Summary: Jesus raises dead things. Lazarus, jolted out of his reward, was just the first.
Sermon for CATM – February 28, 2010 – Journeying with Jesus: Lazarus (John 11:1-44)
Today we continue our Journey with Jesus to the cross. This is the second in a series on the events that lead up to Jesus’ own suffering and death on the cross.
Last week we looked at the Transfiguration. We tried to understand from the inside out what that experience would have been like for the disciples. Today we look at the story of Lazarus.
It is an intense story with a very broad range of occurrences and emotions. A number of readers will read sections of the story and we’ll look at the story a piece at a time and reflect on what is going on.
John 11:1Now a man named Lazarus was sick. He was from Bethany, the village of Mary and her sister Martha. 2This Mary, whose brother Lazarus now lay sick, was the same one who poured perfume on the Lord and wiped his feet with her hair. 3So the sisters sent word to Jesus, "Lord, the one you love is sick." 4When he heard this, Jesus said, "This sickness will not end in death. No, it is for God’s glory so that God’s Son may be glorified through it." 5Jesus loved Martha and her sister and Lazarus. 6Yet when he heard that Lazarus was sick, he stayed where he was two more days.
So first of all…who are these people? These are people who know Jesus. Luke records the famous incident in chapter 10 of his gospel. Martha had opened her home to Jesus on an earlier journey.
Her sister Mary was enthralled with Jesus and so just sat as His feet taking what He had to say in. Martha was upset that she wasn’t getting any help from Mary and appealed to Jesus to get Him to help her in her busyness.
Jesus acknowledged Martha’s anxiety said to her: “…Only one thing is needed. Mary has chosen what is better, and it will not be taken away from her.”
That was an important lesson in itself. Busyness is not always the highest virtue. It may not be a virtue at all because it is easy to be very busy.
Although there are times when life requires non-stop action of us (if you’re a parent you know what I mean), if we’re still busy when we don’t need to be, that usually comes from just not saying “No, thank you!” enough.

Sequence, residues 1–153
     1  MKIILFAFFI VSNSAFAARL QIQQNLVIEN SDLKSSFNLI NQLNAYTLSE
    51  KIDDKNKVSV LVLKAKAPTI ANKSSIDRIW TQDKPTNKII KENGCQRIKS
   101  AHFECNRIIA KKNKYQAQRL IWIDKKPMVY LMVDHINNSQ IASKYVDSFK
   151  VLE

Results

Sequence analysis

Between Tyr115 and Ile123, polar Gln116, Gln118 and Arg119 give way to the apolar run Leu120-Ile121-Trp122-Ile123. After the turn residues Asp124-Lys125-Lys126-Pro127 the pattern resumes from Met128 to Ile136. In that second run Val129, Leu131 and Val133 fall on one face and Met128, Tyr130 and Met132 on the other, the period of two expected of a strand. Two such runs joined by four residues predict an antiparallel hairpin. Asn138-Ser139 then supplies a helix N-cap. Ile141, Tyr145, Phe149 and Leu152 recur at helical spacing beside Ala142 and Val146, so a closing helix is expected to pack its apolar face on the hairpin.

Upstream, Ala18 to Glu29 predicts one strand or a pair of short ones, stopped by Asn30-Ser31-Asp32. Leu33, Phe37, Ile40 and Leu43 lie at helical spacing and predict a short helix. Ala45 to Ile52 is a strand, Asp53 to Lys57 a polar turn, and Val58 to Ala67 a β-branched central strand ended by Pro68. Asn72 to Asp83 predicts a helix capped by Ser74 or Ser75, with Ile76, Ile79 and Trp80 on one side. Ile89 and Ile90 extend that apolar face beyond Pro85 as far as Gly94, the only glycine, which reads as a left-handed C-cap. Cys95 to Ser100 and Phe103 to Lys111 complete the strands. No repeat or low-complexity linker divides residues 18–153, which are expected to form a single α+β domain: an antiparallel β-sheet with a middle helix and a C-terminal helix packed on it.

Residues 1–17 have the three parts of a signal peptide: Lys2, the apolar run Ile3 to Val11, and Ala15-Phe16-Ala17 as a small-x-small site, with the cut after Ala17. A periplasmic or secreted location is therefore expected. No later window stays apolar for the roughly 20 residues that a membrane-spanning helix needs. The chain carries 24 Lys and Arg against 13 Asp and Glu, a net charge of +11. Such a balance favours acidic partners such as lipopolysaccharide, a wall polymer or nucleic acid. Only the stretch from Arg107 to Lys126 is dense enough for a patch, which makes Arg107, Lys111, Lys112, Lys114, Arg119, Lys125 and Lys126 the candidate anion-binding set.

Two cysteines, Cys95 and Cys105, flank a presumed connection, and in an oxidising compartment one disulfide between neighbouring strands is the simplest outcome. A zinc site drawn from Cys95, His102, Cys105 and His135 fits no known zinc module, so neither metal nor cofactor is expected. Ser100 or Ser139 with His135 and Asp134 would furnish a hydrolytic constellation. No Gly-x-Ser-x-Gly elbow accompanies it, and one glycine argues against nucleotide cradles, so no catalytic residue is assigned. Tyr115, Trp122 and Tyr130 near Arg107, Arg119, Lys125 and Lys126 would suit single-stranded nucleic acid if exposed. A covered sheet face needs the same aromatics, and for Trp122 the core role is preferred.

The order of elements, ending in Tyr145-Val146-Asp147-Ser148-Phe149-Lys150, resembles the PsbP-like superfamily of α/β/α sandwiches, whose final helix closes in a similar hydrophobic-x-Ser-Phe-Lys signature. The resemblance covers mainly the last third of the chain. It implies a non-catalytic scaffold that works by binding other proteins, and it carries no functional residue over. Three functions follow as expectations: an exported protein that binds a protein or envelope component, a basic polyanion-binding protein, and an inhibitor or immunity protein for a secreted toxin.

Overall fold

And it may come from an inner anxiety, a lack of shalom or peace in us that can keep us from finding the deep rest that is in Jesus. That was the lesson from Jesus’ earlier encounter with Mary and Martha:
Make sure you rest, and make sure you rest in the presence of God so you can hear His loving voice and receive what you need from Him.
So we also learn here along with Jesus who is sent word from the sisters that Lazarus, someone who Jesus loves, and the brother of two others who Jesus loves, is sick. And Jesus says to those around Him including the disciples, when he hears the news, something surprising: “This sickness will not end in death. No, it is for God’s glory so that God’s Son may be glorified through it.
So somehow Lazarus is going to be ok. What is happening here is specifically, says Jesus, for God’s glory and so that God’s Son may be glorified through it. It is all a bit strange at this point.
Lazarus is sick. He’s not going to die. God will somehow be glorified. So will Jesus. Hmm. And Jesus stays where they are for two days.
7Then he said to his disciples, "Let us go back to Judea." 8"But Rabbi," they said, "a short while ago the Jews tried to stone you, and yet you are going back there?" 9Jesus answered, "Are there not twelve hours of daylight? A man who walks by day will not stumble, for he sees by this world’s light. 10It is when he walks by night that he stumbles, for he has no light."
Jesus then surprises His disciples by saying they should all go back to Judea, where Jesus had very recently escaped stoning. Why would He want to go back to that, they wonder? Jesus answers cryptically, apparently pragmatically, but does not address the fear of the disciples.
“We’ve got 12 hours to get to where we’ve got to go. As long as we travel during daylight we’ll be fine”. Jesus never brings us into danger unless He goes with us into it.
His presence and the knowledge of his love is always our guide and the source of our courage. Darkness for Jesus always hints at weak moral behaviour. Light always hints at good behaviour. But here Jesus speaks words of mystery.